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Wednesday, February 27, 2008

Highly specific Texas primary exit-poll datum (one voter)

I took advantage of one of Harris County's many, convenient early voting locations tonight about 6:15 p.m. There was about a 15-minute line, but there were probably two dozen electronic voting machines up and running, with a full complement of four volunteers doing the check-ins, so the line moved quickly.

I was struck by how very much the folks both waiting in line and voting looked like a typical modern Harris County jury pool. I'd venture a decent wager that there's a strong positive correlation (not to be confused with causation) between bothering to vote early and bothering to show up for jury duty.

Virtually everyone I saw checking in, moreover, had brought with them their voter registration cards, which certainly made the check-in process a snap. I'll bet there's a strong positive correlation between being an early voter and remembering to bring your voter registration card, too.

Everyone seemed to be in a good mood. Heck, to my genuine surprise, I found that I was in a good mood too — perhaps because it'd been a beautiful crisp and sunny spring day in Houston; perhaps because I figured I was avoiding a longer line next week; perhaps my fellow voters' good moods were contagious; or perhaps I was just feeling the simple satisfaction that comes from simultaneously performing a civic duty and enjoying a civic privilege.

The same polling places and voting machines serve for both the Republican and Democratic primaries. One simply tells the check-in volunteers which primary one wishes to vote in. They offer to stamp your voter registration card with the party name if you want. One such stamp (at least as I understand it, at a distance) is the required entry ticket to one of this year's Democratic Party caucus on election day. Those, in turn, will award a good-sized slug of additional delegates to one or the other Democratic nominee based on caucus turnout and participation, to go along with the delegates awarded (proportionally, according to formulae that mystify me) based on the primary voting. And the first page of the electronic ballot warned that by voting in one party's primary, you made yourself ineligible for this year to vote in the other party's primary.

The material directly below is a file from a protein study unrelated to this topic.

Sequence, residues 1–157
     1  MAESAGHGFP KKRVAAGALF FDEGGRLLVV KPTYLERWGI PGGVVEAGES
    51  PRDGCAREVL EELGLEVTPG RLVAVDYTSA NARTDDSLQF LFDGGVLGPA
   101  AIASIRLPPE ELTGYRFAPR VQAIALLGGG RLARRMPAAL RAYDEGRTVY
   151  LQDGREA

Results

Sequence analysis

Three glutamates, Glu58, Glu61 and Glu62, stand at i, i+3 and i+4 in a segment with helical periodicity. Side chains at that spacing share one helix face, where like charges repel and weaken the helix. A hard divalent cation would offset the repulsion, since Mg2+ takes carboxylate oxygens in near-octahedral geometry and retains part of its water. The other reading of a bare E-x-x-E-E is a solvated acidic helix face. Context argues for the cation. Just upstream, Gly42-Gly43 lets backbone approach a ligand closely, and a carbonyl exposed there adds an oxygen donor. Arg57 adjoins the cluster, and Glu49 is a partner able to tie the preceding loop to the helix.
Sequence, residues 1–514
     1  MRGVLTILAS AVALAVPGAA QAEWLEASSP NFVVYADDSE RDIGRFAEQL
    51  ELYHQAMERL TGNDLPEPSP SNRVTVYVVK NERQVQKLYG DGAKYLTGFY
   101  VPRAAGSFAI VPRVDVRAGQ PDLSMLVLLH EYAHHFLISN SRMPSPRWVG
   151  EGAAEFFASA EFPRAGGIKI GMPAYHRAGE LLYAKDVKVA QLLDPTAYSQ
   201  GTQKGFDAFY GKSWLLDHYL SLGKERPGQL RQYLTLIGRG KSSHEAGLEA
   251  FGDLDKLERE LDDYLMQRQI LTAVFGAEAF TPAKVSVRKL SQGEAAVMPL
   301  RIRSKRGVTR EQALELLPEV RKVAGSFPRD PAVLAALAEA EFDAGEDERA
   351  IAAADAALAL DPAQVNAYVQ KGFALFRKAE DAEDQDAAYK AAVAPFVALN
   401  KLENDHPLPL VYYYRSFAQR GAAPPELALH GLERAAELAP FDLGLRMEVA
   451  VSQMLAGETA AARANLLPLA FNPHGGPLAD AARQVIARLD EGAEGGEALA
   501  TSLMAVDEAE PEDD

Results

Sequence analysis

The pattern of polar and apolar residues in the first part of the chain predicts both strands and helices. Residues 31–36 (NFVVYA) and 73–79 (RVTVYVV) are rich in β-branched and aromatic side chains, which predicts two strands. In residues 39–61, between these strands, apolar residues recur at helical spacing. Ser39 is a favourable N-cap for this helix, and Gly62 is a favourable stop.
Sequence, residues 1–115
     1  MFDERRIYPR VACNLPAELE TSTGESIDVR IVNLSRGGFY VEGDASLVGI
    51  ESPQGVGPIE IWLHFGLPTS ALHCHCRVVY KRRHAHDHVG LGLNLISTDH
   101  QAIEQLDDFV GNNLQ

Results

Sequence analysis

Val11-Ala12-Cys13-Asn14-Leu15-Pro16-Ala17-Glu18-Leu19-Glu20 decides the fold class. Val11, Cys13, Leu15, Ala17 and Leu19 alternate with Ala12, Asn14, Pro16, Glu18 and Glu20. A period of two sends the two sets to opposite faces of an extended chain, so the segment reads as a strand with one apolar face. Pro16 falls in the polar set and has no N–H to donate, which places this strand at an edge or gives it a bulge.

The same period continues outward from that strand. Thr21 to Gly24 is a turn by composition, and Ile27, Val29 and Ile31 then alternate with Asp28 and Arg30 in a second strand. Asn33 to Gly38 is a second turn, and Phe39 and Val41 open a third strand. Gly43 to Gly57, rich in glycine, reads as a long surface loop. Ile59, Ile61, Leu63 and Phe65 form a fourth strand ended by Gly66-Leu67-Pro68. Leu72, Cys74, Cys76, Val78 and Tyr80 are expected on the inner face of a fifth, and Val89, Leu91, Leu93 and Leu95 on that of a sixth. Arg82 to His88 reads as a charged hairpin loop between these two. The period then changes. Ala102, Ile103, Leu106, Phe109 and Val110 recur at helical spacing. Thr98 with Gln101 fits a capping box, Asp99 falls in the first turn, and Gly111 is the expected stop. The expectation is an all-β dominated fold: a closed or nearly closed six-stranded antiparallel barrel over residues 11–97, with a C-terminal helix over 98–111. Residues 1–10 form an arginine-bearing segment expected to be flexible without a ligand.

*******

I already know, with a high degree of certainty, to whom my votes will go in the general election. And despite Huckabee's weird flirtation, bordering on a sort of stalker's fixation, with the possibility that he might ace McCain out by a few percentage points here in Texas, the GOP nomination, on a national basis, is not in doubt. There are a few down-ballot contested races on the GOP slate that I care about, particularly those involving state trial and appellate judges and county government officials. But I was still mightily tempted — and I've been engaged in a raging internal debate about it for a couple of weeks now — to cast a "strategic" vote in the Democratic Primary instead this year.

A synonym for the term "strategic vote" is "spoiling vote."

For much of my adult life, when Texas was a one-party state and that party was the Democratic Party, I routinely voted in the Democratic Primary, even though I intended to vote Republican in the general election. That was absolutely commonplace in Texas politics for decades — and it was a practice not only understood and tolerated by the Democrats of that era, but something they considered in their primary campaigns in much the same way both parties' national organizations now talk about courting "cross-over voters" in the general election. The more conservative Democrats were going to get the sprinkling of GOP voters' primary votes — and thus did candidates like Lloyd Bentsen knock the stuffing out of incumbents like Ralph Yarborough when the latter tended, upon spending too much time outside Texas, to fall prey to those radical/librul notions from them Northeastern Commie-fied Democrats. By the late 1990s, to some extent (especially in Dallas and Harris Counties and chunks of the Panhandle), turn-about had become fair play, and Democrats were voting in the GOP primary so they could have an impact on those contested races.

In neither instance I've just mentioned were these cross-voters making "strategic" or "spoiling" votes, though: If the outcome of the general election is considered a foregone conclusion in favor of the other side, then voting in the other side's primary is essentially equivalent to casting a general election vote. You only cast a spoiling primary vote when (a) your vote in your own party's primary wouldn't much matter, but when (b) your vote might matter in the opposing primary, and when (c) the general election looks like it might be close.